According to the U.S. Department of Agriculture, Americans eat more than 22 pounds of tomatoes every year. More than half this amount is eaten in the form of ketchup and tomato sauce. Technically a tomato is a fruit, since it is the ripened ovary of a plant. In 1893, the supreme court ruled in the case of “NIX vs. HEDDEN” that tomatoes were to be considered vegetables. There are more than 4,000 varieties of tomatoes, ranging from the small, marble-size cherry tomato to the giant Ponderosa that can weigh more than 3 pounds.
Tomatoes don’t develop adequate flavor unless allowed to ripen on the vine. Seek out locally grown tomatoes whenever possible. They may not be as “pretty” as store bought, but beauty, of course, is only skin deep.
Note: Fragrance is a better indicator of a good tomato than color. Use your nose and smell the stem end. The stem should retain the garden aroma of the plant itself – if it doesn’t, your tomato will lack flavor and, as far as I’m concerned, will be good only for decoration!
Storing & Ripening Tomatoes
NEVER REFRIGERATE FRESH TOMATOES! Cold temperatures make the flesh of a tomato pulpy and destroys the flavor.
To ripen, place green or unripened tomatoes in a brown paper bag and place in a dark spot for three or four days, depending on the degree of greenness. Do not put tomatoes in the sun to ripen – this softens them.
Tomatoes and tomato products are so commonplace that we sometimes fail to acknowledge them as the nutritional powerhouses that they are. One medium tomato can provide the following Daily Values: 40% Vitamin C, 20% of Vitamin A (converted by the body from Beta Carotene) and 10% of Potassium. Tomatoes also contain lycopene, a
carotenoid which gives tomatoes their glowing colors. In numerous studies, lycopene’s antioxidant properties have proven so powerful that researchers concur about its ability to protect against several types of cancer. Can you get lycopene from any other foods? It’s not easy. The only other sources are pink grapefruit and watermelon, but they have only a fraction of the lycopene content of tomatoes.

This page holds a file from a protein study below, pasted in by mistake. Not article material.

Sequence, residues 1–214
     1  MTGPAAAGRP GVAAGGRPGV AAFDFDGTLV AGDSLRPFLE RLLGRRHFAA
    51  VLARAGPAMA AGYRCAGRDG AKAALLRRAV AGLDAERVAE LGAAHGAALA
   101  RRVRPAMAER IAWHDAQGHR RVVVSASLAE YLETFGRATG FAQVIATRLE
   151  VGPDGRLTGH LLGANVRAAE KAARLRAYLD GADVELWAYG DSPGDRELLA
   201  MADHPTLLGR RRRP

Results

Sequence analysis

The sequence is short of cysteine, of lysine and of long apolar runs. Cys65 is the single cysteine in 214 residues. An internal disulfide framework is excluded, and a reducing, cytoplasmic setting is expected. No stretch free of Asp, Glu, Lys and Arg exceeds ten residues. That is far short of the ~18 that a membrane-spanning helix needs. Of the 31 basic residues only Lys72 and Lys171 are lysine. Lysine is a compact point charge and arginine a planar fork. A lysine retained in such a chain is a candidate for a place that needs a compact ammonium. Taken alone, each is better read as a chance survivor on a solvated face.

Basic Tomato Techniques:
Drying: Think you like dried tomatoes? Just wait until you dry your own. Flavorful plum or Roma tomatoes work most successfully with this technique. Cut the tomatoes in halves lengthwise. Arrange cut side up on a baking sheet. Bake at 200 degrees for 2 to 3 hours, or until they look somewhat collapsed and with edges slightly shriveled. Use as you would sun-dried tomatoes, or eat as a snack.
Grilling: Slice large, firm tomatoes at least 1/2 inch thick or cut plum tomatoes in half lengthwise. Brush lightly with olive oil. Cook on a prepared grill on both sides until the edges brown, about 5 to 8 minutes total. Mesh-type grill toppers are useful for grilling tomatoes since they tend to go so soft. Cherry tomatoes are great for using in grilled kebabs. No special preparation is needed aside from basting with whatever marinade you are using.
Pureeing: Place large chunks of tomato into the workbowl of a food processor. Process until evenly pureed. If you want a smoother puree, put it through a food mill, which will remove the seeds and small bits of skin.
Seeding: If a recipe calls for seeded tomatoes, simply cut them in half horizontally (that is, through the stem end. Scoop out the seeds with a small spoon, such as the 1/2 teaspoon measure of a measuring spoon set.
Skinning: Removing the skin from tomatoes is not as complicated as it might seem. All you need to do is cut a cross in the skin of the tomato, plunge it into boiling water for 10 seconds, then remove. Once the tomatoes are cool enough to handle, the skins slip off easily.
Six Easy Things to do with Tomatoes
Tomato salad: For a simple salad, cut lush tomatoes into large chunks. Drizzle with olive oil and sprinkle with fresh herbs, such as a combination of basil and dill.
Tomato sandwich: To enjoy summer’s ripest tomatoes in a sandwich, simply spread two slices of whole grain bread with Veganaisse, layer on some sliced tomatoes, cover, and enjoy.
Stuffed tomatoes: Cut large tomatoes in half horizontally and carefully hollow out with a spoon. Stuff with anything you fancy. Especially good when stuffed with chickpea salad.
Fried tomatoes: Use red or green tomatoes, as you prefer. Dredge firm tomato slices in cornmeal and fry in a small amount of olive oil on both sides until the cornmeal is golden.
Fresh tomato pizza: Instead of sauce, use sliced fresh tomatoes as the base for pizza, using fresh whole wheat pizza crust. Layer other toppings as you wish over the tomatoes. Try thinly sliced summer squash, mushrooms, sliced fresh garlic, Italian seasonings and vegan mozzarella style cheese. Bake for 10-15 minutes at 450 degrees.
Fresh tomato salsa: Instead of buying over-priced packaged salsa, try making a quick batch at home with fresh tomatoes. Warning – once you try this recipe, you’ll never go back to bottled salsa again.